2. Live life fearlessly. Most of us are brought up on a diet of fear. Anita used to fear everything from eating the wrong food, cancer, saying the wrong thing, being misunderstood or unloved. Fear does not keep you safe. Love keeps your safe. When you love yourself and other people you are insured safety.
3. Humor and laughter and Joy. We are born knowing this stuff. The child's heart. We are born this way, however we are conditioned otherwise.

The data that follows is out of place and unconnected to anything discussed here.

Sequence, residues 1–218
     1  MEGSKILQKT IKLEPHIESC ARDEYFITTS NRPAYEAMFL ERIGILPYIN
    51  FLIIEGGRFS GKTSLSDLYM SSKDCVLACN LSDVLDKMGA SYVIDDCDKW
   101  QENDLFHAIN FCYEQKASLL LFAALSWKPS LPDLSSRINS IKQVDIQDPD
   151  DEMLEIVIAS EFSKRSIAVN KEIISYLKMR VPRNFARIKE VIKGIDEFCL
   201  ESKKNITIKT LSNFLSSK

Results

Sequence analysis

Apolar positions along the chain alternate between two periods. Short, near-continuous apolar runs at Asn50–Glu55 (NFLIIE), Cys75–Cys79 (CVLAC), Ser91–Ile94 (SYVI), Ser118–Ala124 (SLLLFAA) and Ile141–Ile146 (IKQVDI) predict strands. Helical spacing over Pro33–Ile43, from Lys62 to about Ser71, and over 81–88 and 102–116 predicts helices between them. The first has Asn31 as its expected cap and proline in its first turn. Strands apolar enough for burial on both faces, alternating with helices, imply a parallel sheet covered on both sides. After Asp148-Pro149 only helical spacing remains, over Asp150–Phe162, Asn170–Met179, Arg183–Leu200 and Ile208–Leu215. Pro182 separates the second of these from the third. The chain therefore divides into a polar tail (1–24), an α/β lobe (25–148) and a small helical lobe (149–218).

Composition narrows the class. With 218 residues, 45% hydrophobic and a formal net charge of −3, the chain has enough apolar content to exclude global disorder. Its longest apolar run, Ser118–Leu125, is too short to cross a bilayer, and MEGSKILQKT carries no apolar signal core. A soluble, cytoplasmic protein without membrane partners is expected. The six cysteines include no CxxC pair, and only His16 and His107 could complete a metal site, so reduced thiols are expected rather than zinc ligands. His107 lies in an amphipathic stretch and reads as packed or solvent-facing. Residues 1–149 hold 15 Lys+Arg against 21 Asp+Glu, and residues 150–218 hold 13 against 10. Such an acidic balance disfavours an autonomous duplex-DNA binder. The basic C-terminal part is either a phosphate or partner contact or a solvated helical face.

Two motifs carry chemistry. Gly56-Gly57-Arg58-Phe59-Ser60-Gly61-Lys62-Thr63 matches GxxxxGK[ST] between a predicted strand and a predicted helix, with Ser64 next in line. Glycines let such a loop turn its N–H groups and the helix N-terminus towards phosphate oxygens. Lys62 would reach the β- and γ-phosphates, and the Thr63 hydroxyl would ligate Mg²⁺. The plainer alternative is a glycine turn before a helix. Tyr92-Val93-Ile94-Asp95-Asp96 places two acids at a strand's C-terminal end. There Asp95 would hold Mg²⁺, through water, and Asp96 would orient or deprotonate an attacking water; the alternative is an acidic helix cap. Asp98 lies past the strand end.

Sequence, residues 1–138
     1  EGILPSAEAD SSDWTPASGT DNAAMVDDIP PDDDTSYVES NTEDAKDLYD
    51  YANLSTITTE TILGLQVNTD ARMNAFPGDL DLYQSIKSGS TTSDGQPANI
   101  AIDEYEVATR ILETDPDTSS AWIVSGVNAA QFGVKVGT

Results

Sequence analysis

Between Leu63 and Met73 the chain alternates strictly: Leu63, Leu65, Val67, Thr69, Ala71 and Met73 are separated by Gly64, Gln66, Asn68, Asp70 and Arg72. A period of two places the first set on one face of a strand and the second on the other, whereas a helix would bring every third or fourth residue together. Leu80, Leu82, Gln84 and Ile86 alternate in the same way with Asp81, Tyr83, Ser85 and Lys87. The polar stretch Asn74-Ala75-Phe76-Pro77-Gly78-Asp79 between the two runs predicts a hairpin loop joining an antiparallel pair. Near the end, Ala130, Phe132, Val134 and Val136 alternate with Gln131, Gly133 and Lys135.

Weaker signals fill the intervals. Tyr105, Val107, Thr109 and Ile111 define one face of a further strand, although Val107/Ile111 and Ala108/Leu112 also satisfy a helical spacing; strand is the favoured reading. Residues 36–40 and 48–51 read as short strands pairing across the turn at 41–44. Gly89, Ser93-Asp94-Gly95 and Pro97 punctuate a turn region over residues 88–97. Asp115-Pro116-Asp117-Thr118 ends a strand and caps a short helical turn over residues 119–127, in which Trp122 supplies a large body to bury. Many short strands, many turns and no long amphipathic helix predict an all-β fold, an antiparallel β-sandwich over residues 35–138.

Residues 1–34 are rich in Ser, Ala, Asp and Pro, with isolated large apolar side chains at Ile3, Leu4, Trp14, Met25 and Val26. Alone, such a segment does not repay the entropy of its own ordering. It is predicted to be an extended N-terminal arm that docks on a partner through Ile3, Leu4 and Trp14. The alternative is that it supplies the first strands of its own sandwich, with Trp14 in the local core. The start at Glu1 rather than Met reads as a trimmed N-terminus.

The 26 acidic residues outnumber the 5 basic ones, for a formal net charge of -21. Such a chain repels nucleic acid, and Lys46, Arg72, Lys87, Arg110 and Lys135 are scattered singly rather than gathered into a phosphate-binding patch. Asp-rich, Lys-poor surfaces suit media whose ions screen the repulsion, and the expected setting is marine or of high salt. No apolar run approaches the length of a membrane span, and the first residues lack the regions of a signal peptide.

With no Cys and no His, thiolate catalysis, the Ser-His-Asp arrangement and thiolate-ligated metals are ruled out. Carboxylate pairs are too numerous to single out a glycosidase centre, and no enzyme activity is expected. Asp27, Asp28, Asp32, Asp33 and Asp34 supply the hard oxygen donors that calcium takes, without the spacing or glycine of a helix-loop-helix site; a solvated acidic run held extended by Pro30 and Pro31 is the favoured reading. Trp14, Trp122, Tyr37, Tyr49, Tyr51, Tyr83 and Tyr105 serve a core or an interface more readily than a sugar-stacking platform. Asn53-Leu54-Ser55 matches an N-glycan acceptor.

4. Life is a gift. Most of us live life as if life is a chore. Only when we lose something we value do we realize it's true value. It's up to you to realize it before it’s too late. 

5. Most important thing is to ALWAYS be yourself. Be as you as you can be. Shine your light as brightly as you can. Embrace your uniqueness. Get to know yourself, LOVE YOURSELF. 

All my Love,

Recommended Reads: